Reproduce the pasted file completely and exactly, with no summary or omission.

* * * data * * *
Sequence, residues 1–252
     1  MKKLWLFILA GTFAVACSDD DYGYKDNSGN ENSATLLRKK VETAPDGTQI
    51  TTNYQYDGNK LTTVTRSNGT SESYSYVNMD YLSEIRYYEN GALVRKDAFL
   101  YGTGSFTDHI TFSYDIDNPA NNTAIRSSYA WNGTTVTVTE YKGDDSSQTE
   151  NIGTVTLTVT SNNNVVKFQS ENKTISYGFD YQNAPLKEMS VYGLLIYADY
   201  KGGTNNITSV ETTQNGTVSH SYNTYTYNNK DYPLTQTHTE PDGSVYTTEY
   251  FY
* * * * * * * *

Sequence, residues 1–252
     1  MKKLWLFILA GTFAVACSDD DYGYKDNSGN ENSATLLRKK VETAPDGTQI
    51  TTNYQYDGNK LTTVTRSNGT SESYSYVNMD YLSEIRYYEN GALVRKDAFL
   101  YGTGSFTDHI TFSYDIDNPA NNTAIRSSYA WNGTTVTVTE YKGDDSSQTE
   151  NIGTVTLTVT SNNNVVKFQS ENKTISYGFD YQNAPLKEMS VYGLLIYADY
   201  KGGTNNITSV ETTQNGTVSH SYNTYTYNNK DYPLTQTHTE PDGSVYTTEY
   251  FY